A small piece of an ancient Egyptian carving that I recently saw at the Brooklyn Museum, which gave me the direction in which to approach my current carving. I was attracted to the way the faces emerge from behind each other.
Drawing with Oscar in the morning
How do you make your work, does it start with a sketch? Can you tell us about your style? How did you arrive at it?
I often do make multiple sketches of a painting when starting out, and throughout the process, in order to figure out where it might go, or what its fundamental juice is like. Sometimes the paintings follow the sketches, but often they do not, there isn’t much consistency here. I don’t know if I have a style, but simply as a result of doing whatever feels interesting to me at the moment, there turns out to be a continuity between the works. For instance I end up obsessing over tiny details and textures, and how they interact with each other. I pile up a whole lot at each painting, because I need that space to observe the accumulation of my own stupid and interesting decisions, to find out what is really going on, which results in a kind of maximalist aesthetic. I adore artists who can convey a powerful sense though simple means, and used to try to fight my maximalism. I suppose I arrived at what I could call my current style by giving up fighting what comes naturally, and being open to change.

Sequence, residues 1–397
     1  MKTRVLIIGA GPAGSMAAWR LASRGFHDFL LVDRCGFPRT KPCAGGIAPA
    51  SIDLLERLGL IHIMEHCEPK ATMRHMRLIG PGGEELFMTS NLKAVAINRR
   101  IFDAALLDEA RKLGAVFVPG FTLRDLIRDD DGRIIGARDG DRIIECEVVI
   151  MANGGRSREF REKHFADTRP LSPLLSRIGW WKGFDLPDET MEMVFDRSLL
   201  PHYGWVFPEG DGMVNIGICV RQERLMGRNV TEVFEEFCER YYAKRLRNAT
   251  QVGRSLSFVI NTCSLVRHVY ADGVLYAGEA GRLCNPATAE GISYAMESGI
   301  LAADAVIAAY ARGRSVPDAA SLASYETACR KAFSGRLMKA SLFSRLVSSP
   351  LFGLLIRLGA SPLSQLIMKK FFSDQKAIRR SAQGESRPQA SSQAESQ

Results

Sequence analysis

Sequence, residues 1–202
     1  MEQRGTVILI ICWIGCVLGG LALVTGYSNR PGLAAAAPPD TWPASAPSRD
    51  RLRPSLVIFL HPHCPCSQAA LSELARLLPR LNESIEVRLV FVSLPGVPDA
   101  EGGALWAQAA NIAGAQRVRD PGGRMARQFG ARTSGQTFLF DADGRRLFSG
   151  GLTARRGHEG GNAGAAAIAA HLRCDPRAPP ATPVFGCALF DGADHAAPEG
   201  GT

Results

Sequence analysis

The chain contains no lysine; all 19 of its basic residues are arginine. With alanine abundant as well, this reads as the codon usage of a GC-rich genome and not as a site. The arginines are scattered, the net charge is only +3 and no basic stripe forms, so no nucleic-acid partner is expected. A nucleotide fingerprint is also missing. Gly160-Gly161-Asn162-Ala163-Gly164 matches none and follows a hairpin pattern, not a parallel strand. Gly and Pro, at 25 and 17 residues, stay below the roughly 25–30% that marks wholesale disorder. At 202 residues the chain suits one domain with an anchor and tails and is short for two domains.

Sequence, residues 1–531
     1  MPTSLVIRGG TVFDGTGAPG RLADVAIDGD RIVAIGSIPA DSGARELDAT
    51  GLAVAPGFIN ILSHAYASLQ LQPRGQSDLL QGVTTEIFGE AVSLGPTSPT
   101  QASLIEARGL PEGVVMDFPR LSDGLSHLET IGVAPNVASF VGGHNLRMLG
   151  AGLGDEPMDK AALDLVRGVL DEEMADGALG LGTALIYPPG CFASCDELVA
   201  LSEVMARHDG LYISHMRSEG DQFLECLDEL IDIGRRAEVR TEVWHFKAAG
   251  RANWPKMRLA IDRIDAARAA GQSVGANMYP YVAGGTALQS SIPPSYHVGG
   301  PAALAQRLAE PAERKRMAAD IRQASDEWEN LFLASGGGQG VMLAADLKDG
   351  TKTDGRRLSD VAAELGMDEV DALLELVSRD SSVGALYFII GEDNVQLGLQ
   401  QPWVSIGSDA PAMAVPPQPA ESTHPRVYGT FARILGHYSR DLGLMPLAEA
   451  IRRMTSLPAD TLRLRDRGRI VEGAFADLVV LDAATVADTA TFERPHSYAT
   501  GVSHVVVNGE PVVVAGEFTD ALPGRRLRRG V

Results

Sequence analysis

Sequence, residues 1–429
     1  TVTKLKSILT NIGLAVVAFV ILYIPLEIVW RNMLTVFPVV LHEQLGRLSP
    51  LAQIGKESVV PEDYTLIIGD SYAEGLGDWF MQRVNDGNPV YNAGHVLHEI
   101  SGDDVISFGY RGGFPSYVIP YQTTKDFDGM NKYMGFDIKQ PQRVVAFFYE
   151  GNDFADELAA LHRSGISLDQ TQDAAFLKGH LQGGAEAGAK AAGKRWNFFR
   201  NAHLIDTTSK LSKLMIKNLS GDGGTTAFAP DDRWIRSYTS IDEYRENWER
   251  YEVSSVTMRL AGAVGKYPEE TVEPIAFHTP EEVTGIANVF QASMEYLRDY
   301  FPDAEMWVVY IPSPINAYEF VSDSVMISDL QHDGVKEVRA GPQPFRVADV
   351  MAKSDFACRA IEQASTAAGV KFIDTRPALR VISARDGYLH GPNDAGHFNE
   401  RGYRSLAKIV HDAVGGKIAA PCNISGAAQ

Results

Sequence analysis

To Step Steady 2021 Oil, acrylic, gold leaf, glue and coins on linen, panel and concrete 100” x 62” x 7”
"To Step Steady" at my studio
Many artists live by their routines, working for only a certain period of time of day, listening to dedicated playlists, or eating specific foods while in the studio. Do you have your own studio ritual? What does that look like for you?